I'm Maria, and I'm the Associate Producer for Total Eclipse, a game development studio based in Thessaloniki, Greece. We’re a small studio, with a core team of five. We have been publishing some articles on production, game design, and more on our blog. We will reproduce them here at Gamasutra. We hope you find them interesting and useful!
[This article was originally published in the Total Eclipse blog]
Today I’m going to talk about the way we work with assets here at Total Eclipse. This first post on asset management will discuss quality, forward planning, and balance.
Assets are everything that makes up your game, apart from the source code/script files (managing source code is a different topic and will not be discussed now). Assets can come from a variety of media and different people may be responsible for creating them. For example:
- Music: Musicians
- Sound effects: Sound Engineers
- Illustrations: Artists
- User interface: UI designer, Artists
- Animations: Artists
- 3D objects: Artists
- Movies: Producers, Artists
- Dialogues/Text: Writers & Localisation teams
A lot of different professions, there. All these people have to be aware of, and in agreement with, the following project conventions whenever they create one asset:
- Asset quality
- Asset naming
- Asset backup and storage
The person responsible for informing and enforcing the creators about conventions is either the lead artist/sound/music/writer or, in smaller teams like ours, the producer/associate producer.
Communication and good teamwork are very crucial here. A non specialist (i.e the Producer) has to have a good level of knowledge of the specialist’s (i.e. artist) field of work in order to explain what the project requires.
I'm going to take a look at the conventions by using Maya’s Dress Up as an example. My examples will focus on image assets but what I’m going to say can equally apply to other rich media.
The quality vs. cost trade-off
Maya's Dress Up, our most recent game for iOS devices, is extremely asset-heavy with thousands of images. Let's have a look at one of the game's typical assets, a necklace. After the producer and artist agree on what will be painted, the quality must be established. In images this can be expressed in terms of DPI (dots-per-inch).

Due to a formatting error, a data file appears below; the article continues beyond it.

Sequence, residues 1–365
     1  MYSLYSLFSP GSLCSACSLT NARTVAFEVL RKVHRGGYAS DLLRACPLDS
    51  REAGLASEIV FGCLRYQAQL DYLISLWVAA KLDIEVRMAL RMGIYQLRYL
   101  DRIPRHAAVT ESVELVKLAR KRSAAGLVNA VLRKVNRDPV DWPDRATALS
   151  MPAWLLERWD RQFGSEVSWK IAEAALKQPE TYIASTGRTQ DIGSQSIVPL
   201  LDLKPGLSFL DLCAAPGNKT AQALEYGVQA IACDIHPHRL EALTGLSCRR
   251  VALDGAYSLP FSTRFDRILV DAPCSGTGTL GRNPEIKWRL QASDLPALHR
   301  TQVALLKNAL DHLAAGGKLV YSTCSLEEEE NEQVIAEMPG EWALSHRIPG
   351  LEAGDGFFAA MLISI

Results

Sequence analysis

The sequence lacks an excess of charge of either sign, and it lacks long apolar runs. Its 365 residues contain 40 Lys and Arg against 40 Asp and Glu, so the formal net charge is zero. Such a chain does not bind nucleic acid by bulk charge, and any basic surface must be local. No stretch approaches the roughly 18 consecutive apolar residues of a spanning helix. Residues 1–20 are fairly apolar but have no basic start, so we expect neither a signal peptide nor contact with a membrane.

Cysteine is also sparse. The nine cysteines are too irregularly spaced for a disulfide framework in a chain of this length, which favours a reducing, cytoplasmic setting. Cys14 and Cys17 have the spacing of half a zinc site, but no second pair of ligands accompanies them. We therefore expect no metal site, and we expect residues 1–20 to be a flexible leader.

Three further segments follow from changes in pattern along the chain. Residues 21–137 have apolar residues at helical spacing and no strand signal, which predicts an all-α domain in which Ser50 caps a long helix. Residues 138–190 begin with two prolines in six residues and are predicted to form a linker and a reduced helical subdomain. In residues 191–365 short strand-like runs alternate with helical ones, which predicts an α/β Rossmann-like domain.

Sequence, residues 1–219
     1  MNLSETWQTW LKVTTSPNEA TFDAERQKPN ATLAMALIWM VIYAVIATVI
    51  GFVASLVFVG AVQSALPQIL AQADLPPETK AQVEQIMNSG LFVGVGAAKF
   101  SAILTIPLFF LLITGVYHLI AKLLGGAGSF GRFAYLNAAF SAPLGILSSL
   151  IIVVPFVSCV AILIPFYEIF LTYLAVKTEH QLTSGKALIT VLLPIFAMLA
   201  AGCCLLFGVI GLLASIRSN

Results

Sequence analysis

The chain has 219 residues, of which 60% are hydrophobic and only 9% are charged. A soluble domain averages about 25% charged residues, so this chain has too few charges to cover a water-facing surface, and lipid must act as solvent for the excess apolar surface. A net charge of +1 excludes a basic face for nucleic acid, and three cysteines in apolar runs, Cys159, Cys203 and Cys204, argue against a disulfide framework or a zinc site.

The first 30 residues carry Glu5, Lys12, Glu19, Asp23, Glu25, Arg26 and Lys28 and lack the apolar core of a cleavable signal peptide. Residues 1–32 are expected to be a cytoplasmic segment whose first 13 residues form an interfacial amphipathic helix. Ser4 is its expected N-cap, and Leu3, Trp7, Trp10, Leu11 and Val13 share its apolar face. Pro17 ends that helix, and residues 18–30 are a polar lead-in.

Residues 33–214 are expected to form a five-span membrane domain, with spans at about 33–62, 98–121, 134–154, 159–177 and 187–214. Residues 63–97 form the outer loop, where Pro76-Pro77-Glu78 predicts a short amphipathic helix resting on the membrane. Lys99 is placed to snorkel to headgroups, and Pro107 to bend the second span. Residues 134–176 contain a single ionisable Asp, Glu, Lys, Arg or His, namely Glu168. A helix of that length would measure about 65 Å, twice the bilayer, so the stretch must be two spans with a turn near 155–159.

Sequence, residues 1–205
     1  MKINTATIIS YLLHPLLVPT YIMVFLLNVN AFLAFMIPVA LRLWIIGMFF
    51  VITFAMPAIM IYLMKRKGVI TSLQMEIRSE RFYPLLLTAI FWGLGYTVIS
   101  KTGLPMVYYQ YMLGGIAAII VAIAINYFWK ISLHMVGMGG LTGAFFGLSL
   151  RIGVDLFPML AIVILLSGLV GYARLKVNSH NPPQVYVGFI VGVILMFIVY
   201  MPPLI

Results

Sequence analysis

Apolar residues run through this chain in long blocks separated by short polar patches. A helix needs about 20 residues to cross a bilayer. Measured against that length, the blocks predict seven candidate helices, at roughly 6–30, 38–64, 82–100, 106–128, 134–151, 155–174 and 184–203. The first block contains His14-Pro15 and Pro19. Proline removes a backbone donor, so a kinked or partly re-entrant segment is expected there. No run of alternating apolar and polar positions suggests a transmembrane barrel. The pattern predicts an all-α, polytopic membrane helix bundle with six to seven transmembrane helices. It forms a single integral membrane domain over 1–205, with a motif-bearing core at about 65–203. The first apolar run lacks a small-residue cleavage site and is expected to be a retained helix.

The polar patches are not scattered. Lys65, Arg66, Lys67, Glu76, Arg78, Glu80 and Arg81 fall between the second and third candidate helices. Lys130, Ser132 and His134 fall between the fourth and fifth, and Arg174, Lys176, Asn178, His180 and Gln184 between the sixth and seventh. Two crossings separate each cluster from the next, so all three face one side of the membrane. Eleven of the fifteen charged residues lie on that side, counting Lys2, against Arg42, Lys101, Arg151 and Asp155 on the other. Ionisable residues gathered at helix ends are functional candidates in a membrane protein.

- Cost in money: The more DPIs and the larger the image is, the more you will pay for the art, as the artist needs to add extra details in the illustration.
- Cost in time: The more DPIs, and the larger the image is, the longer it will take for the artist to deliver.
The following image shows one of the necklaces done for Maya. Here, in Total Eclipse, we generally stick to 3oo DPI per illustration.
On the left side you can see the level of detail that it was illustrated - at 300 dpi. The right shows the level of detail that would be needed if one would make it at 72 dpi. The chain links are no longer visible nor is the glass glow on the butterfly. Surely that should save a lot of the artist’s time – or not? Let’s suppose we have 500 items.
- Avg time needed for a garment at 72 dpi -> 1 hour (500 total)
- Avg time needed for a garment at 300 dpi -> 2-3 hours (1000-1500 total)
Looks like a ton of hours would be saved if the lower quality is chosen. This is how the necklace looks on Maya on a venerable 1st-gen iPod Touch with a 480x320 resolution:
“Pretty small” you might think. Suppose for a minute that all of the assets were done in low quality. Then Apple goes out and throws an iPad at you with a 1024x768 resolution. And after a bit, it comes up with a new iPhone sporting a Retina display, of all sorts. This doubles the device's pixel density of each image and effectively requiring an 960x640 resolution.